We all love The Ashes but we’ve not won Down Under an awful lot in my lifetime. I turned on my Christmas present of a radio on Boxing Day 1986 to hear that Botham and Small had both taken five apiece. Happy Days. I think the next high point was when I watched KP on TV (C4) tonking it about in 2005. Big gap. Big shame.
There must be people out there who have followed the England team, and chosen 86/87 and 10/11 as tours to follow. I would not only like to go to the Casino with them, but listen to their share tips and and horses to back.
What do we take from a tour like that? Here are a list of one word / short rhetorical questions :
I think there were parts of Fred’s early time at Lancs I would like to have read more about, and of course 6 extra chapters on 2005 wouldn’t have gone amiss, but entertaining, and he seems like a man who just gets on with getting the very most out of life.
We gave India a run for their money in England this Summer. India beat Australia Down Under earlier this year. There is nothing like The Ashes for getting us fans excited about the Cricket to come. It is superb that it is going ahead. Front page of The Times today was Joe Root up against Pat Cummins. No Archer, no Stone. A shame. But Ben Stokes will be there. Hooray.
It is a simple format England. Enjoy it from the word go. What a fantastic country – enjoy it. Take 20 wickets, and post 500. There, job done. 😉
Hoping Mo Bobat has done all that is needed. There will be some kind of bubble fatigue. There is no doubt of that. Keep drinking the Pickle juice to avoid the cramp! With all the Strength and Conditioning Advisors and Nutritionists at hand you’d think the team are well prepped. Here is to Brisbane.
The T20 has been fun to follow. In the true nature of the ‘whizz/bang’ tournament, we have seen England and Pakistan ejected in the semis in the final overs. Jos Buttler played so well and it was a shame he was dismissed for 29 LBW against NZ as he had recently become the first player to score a hundred in all the disciplines of the game.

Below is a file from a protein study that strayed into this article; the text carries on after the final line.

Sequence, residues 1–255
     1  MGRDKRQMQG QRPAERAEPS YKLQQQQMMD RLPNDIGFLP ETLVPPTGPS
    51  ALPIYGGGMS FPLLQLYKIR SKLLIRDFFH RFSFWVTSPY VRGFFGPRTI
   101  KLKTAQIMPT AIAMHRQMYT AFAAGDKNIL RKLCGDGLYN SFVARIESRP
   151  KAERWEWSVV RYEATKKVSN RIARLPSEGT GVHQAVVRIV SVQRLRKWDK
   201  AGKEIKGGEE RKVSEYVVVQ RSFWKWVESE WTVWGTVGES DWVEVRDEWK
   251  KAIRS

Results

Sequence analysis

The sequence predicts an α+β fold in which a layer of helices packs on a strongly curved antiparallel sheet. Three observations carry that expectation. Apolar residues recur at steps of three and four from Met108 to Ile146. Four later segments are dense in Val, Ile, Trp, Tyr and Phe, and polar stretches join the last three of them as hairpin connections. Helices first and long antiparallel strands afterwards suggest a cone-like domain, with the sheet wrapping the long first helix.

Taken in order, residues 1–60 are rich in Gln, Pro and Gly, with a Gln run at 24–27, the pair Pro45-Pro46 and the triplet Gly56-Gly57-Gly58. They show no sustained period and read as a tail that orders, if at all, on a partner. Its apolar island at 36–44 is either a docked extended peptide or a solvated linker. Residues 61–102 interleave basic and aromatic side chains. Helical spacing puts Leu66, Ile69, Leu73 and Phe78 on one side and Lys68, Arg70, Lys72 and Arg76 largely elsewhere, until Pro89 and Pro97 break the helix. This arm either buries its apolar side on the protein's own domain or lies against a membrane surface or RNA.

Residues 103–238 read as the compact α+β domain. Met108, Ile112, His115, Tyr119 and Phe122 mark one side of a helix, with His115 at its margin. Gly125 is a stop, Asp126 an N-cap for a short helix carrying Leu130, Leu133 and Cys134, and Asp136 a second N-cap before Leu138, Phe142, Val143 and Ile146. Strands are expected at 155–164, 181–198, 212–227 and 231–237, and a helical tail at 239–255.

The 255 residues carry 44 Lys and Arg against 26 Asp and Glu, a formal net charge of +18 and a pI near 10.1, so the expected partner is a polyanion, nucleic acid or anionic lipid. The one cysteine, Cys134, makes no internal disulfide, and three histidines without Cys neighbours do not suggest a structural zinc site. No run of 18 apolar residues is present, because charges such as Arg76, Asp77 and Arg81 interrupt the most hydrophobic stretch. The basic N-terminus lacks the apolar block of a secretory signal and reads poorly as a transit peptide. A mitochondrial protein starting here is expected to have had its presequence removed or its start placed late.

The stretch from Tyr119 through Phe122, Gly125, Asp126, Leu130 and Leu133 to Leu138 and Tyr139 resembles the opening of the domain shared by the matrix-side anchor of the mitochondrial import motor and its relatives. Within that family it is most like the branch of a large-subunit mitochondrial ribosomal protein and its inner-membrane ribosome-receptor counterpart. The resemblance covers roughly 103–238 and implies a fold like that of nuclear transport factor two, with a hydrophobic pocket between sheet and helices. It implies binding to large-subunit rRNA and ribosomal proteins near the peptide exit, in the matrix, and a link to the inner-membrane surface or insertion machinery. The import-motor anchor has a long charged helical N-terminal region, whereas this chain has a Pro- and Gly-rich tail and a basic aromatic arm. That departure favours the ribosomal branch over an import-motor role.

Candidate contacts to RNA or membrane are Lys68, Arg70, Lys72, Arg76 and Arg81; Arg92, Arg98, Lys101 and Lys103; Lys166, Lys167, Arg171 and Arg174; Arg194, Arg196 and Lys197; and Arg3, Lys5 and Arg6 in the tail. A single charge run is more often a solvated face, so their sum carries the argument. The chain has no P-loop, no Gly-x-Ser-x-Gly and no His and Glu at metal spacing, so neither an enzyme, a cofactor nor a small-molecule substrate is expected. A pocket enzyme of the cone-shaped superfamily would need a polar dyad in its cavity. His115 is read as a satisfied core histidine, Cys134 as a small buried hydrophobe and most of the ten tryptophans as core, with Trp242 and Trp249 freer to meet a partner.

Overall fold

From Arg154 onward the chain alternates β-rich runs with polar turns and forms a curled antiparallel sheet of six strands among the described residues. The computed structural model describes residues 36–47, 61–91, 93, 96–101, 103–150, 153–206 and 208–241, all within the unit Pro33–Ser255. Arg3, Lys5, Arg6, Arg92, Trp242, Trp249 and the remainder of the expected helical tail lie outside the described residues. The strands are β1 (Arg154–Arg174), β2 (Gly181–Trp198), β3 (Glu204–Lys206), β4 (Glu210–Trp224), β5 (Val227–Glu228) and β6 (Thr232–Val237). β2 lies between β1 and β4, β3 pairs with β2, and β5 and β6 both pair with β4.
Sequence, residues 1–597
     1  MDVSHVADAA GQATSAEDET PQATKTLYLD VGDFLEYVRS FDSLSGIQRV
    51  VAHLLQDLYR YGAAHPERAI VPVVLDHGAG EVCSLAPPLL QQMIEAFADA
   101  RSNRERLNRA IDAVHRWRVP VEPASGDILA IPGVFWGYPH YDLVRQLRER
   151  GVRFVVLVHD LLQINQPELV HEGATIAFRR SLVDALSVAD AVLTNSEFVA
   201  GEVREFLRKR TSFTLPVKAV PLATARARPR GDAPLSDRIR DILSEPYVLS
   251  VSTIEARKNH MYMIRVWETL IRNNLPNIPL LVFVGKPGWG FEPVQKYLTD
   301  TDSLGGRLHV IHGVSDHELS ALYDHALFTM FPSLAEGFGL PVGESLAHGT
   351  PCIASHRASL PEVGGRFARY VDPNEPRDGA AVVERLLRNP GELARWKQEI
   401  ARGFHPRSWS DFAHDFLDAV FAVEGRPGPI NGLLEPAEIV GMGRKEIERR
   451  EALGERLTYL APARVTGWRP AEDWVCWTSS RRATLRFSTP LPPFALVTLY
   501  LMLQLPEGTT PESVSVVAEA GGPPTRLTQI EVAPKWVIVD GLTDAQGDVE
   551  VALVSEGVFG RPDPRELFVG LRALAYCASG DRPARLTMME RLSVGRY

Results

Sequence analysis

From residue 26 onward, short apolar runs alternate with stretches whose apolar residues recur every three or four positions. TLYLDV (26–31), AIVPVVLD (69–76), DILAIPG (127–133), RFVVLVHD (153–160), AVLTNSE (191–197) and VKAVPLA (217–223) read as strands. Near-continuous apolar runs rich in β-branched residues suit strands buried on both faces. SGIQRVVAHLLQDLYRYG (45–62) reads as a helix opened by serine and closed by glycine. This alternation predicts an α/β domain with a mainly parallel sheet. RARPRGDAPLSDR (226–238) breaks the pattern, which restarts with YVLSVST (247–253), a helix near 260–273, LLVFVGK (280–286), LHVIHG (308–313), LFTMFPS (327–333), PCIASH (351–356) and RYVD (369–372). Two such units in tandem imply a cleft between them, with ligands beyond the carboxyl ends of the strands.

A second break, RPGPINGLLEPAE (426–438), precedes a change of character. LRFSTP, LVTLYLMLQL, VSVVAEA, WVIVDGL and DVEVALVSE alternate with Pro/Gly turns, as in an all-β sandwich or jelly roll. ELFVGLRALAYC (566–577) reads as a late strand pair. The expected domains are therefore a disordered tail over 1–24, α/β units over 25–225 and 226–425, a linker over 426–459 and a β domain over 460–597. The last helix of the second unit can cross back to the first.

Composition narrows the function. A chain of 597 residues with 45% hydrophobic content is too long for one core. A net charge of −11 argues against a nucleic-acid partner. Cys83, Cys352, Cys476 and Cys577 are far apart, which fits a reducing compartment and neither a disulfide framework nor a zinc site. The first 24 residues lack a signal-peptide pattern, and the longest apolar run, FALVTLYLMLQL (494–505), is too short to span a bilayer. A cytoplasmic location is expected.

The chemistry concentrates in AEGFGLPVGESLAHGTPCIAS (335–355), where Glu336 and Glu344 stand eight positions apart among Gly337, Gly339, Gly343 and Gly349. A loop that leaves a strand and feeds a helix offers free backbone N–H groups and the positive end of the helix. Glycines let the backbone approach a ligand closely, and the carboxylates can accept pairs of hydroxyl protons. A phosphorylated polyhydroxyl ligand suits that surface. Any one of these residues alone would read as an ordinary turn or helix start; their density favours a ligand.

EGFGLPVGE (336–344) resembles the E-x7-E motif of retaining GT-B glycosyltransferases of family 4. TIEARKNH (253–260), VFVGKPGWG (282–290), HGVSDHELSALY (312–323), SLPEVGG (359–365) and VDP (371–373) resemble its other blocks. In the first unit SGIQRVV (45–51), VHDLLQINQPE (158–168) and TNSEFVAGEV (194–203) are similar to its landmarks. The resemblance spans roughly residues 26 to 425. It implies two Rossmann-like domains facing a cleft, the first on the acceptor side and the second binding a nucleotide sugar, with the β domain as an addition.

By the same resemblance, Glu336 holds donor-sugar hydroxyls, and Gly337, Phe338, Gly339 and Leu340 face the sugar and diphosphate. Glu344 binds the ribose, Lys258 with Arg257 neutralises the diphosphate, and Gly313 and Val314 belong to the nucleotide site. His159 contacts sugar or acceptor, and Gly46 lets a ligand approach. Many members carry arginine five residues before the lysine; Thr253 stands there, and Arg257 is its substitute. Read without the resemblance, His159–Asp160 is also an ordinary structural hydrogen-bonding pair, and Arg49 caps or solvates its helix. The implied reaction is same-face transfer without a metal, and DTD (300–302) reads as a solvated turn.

It will be a good final on Sunday I am sure. Many have said that it has been better to lose to NZ in the semis than AUS in the final. The 1987 ODI World Cup still hurts, yet so does the 1992 one. Many of the matches have not had large crowds which is a shame, but at least they have gone ahead (in the blistering Middle Eastern heat).
Lord Patel has taken over the reins at Yorkshire County Cricket Club. Vaughan is not currently presenting his podcast with Tuffers on the BBC. Headingley will suffer enormously financially unless it can start to host international matches again, of this there is no doubt.
I’m becoming a huge fan of Greg James and his broadcasting style. He loves a soundbite. I loved the way he pointed out Mark Nicholas’ tendency to insert “Boy” in to his commentary. I’ve started listening to the Alan Stanford episodes. Learning a few things about his past. Tailenders is always well put together and a very enjoyable listen. Good luck to Jimmy Andersen in Australia.
50 years in the making! A shame England could not make it over the line, and as Tuffers said it was a match that would’ve enjoyed (and warranted) seeing Woakes and Root there after Tea on Day 5 for the run chase, but it wasn’t to be. After 13 sessions it really was Shakin’ Even Stevens. However, Mr Boom Boom Howl Howl turned the pitter patter dripping tap into a frenzied waterfall returning a Wimbledon-worthy ‘speediest of the series’ spell of 6-3-6-2.
From that there was no coming back.
It was a truly superb Test, with no side out of sight until the hour before Tea on the final day. Capitulating on the final day has become de riguer at London venues. England came back strong at Headingley and fingers crossed the same can happen in Manchester on Friday.
When historians scan an eye over the bottom line it won’t make for pretty reading, a loss by 151 runs. As usual, the real story is so much deeper. The first day’s play was tough viewing. India grinding out a superb platform, which they failed to capitalise on during Day 2. Day 3 belonged to Joe Root. It was joyous to see him play so well.
Day 4 was again a grind. Viewing this kind of Test Cricket isn’t for the faint hearted. A couple more wickets in the evening session when the Umpires took the players off 8 overs early would have made all the difference. It wasn’t to be. Day 5 started well with two quick wickets but the tail was allowed to wag and then England were bowled out in just under two sessions. So disappointing. England will have to come back stronger, I believe we can.